Four electors from Orkney and Shetland lodged an election petition on 29 May 2015, the last date possible to do this following the 7 May general election, attempting to unseat Carmichael and force a by-election.On 2 June 2015, the Parliamentary Standards Commissioner launched an investigation into his conduct, under sections 10, 14 and 16 of the Code of Conduct,but this investigation was dropped because Carmichael became aware of the memo via the Scottish Office and not in his capacity as an MP.On 9 December it was decided that although he had told a “blatant lie” in a TV interview, it had not been proven beyond reasonable doubt that he had committed an “illegal practice” and he was allowed to retain his seat. In February 2016 his application for costs was rejected, leaving him £150,000 out of pocket.Party leader Willie Rennie contributed £750 towards his costs. Carmichael was awarded £50,000 towards the costs from the Joseph Rowntree Reform Trust.


Law makers to Law breakers

The Tories and Lib Dems had basically made a law that broke a number of other laws.

How could that have happened? Are there not checks and balances in the system to stop this? What were the opposition doing at the time?

Scotland had only 6 SNP MPs at that time. Scottish Labour had 40. Labour as a whole were regularly abstaining or even voting with the Tory/Lib Dem government on massively important matters to the working populations of the UK like setting austerity budgets.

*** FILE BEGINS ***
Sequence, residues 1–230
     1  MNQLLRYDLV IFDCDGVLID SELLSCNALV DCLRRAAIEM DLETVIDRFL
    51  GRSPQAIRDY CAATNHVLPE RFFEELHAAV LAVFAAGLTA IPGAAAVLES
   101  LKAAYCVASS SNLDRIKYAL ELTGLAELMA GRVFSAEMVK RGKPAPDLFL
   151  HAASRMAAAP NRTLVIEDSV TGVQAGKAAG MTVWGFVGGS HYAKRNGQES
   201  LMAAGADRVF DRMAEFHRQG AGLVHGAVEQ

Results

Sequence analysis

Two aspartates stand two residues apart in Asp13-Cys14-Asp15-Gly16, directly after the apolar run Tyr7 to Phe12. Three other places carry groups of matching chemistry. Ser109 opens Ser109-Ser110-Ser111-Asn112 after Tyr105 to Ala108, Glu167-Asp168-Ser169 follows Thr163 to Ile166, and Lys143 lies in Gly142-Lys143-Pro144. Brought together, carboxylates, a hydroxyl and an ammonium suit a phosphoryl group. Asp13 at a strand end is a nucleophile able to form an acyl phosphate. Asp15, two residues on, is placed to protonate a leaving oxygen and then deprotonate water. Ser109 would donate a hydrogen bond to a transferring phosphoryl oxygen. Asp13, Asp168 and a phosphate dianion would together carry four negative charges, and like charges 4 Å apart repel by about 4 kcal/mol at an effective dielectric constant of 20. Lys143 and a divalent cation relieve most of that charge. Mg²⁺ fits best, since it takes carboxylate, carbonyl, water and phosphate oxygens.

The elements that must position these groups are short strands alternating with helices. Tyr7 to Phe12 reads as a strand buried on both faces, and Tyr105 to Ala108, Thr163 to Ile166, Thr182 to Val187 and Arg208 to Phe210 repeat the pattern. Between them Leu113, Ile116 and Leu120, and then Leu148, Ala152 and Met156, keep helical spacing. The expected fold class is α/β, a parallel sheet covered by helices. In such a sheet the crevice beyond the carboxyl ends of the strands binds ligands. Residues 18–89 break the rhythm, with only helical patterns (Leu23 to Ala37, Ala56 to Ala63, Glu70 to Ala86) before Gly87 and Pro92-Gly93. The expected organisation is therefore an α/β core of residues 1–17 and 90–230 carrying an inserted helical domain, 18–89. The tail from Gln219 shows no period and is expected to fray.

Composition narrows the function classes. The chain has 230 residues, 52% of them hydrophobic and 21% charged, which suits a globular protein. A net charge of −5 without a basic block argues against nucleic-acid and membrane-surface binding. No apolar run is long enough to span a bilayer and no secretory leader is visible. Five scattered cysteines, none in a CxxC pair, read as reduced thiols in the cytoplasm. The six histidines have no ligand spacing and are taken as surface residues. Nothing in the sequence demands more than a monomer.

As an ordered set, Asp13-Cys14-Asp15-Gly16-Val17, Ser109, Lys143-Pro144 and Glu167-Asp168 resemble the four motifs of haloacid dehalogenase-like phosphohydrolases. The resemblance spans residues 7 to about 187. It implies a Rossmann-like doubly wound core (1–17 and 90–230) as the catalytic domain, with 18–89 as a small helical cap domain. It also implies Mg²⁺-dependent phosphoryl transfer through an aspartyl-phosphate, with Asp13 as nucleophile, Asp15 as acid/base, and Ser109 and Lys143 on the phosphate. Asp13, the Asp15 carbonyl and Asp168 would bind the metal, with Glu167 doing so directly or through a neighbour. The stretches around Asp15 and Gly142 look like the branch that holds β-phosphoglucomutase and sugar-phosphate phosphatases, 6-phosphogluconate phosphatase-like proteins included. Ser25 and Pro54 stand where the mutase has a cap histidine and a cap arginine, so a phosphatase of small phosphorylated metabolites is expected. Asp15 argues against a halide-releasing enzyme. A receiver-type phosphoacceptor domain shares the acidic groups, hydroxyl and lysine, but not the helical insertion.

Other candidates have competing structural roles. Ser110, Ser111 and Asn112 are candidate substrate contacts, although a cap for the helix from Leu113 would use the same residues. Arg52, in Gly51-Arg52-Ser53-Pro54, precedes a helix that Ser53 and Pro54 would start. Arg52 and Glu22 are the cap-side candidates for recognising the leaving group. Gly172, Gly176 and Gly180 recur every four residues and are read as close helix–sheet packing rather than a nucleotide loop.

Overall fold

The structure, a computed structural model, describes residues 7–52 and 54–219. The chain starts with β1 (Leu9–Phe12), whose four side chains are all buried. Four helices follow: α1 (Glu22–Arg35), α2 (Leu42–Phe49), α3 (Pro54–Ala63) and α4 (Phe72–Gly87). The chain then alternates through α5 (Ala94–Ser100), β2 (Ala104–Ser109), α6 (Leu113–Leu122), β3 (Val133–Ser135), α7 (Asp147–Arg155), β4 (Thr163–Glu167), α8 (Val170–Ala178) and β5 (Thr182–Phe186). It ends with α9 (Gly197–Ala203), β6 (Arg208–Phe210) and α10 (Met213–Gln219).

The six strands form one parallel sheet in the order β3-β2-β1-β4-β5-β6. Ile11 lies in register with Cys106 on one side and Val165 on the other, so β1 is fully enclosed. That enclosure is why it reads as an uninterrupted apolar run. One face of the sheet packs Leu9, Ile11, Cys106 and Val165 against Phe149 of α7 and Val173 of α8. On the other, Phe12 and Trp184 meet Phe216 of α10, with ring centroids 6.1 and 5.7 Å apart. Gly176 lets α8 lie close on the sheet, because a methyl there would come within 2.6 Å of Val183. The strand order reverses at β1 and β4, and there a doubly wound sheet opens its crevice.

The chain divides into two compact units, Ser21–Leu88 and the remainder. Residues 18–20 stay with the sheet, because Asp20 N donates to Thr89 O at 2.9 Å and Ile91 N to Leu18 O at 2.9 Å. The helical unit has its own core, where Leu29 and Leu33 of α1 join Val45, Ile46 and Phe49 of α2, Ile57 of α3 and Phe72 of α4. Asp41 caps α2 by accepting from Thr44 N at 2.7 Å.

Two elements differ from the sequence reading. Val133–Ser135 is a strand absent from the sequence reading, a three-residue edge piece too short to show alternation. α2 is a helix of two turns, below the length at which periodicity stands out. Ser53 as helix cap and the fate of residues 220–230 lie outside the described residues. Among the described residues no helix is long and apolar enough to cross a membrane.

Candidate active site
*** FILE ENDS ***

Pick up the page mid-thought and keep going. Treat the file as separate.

What todays supreme court ruling has shown is that the Government made a law that infringed EU law, constitutional law and even the ancient law of the Magna Carta.The legislation was deliberately designed to deny workers their rights. Unison is to be congratulated for taking this case on and they are correct to call it ‘the most significant judicial intervention in the history of British employment law.’ Working people who need protection the most – low-paid workers, the vulnerable and those treated poorly by their employers –  were denied access to justice by employment tribunal fees.

What else can be challenged?

As well as being a victory for workers and a time to celebrate it is also a time to reflect on.

We will leave UNISON to take up the individual cases of those claiming compensation for fees paid out.

There is another matter though worthy of reflection.

What else have the law makers got away with? Perhaps more importantly what have they made laws about that is open to challenge and repeal?

We should take this as a greater lesson. The government that made this law also introduced an initiative to reduce so-called ‘red tape’ in local government.It subsequently affected the safety inspection regimes of councils in England and then this summer we had a deadly fire in Grenfell Tower.

What else have they done?

What else can be challenged legally?

This ruling has significant implications for all of our rights and protections as we head towards Brexit.

Basic rights such this are being torn apart by the Great Repeal Bill as we speak.

Please share- let people know that they can claim.

We will also never know how many people have been denied access to justice and to legal recourse. Their stories may remain untold and their rights unprotected. Likewise, there are those who have been forced to pay employment tribunal fees who will now demand those fees are returned to them. Unison will work with them to ensure the government cough up and admit they were wrong – legally and morally.

Legal and moral struggle- blatant injustice


‘Today’s result should bring to an end the cruel employment tribunal fees regime, and ensure that no-one else is ever forced to pay crippling fees just to access basic justice. But it is also a reminder of the importance of trade unions in fighting for all of our rights, and the importance of a legal system that allows us to stand with our members, and win for our members.’

Dave Prentiss UNISON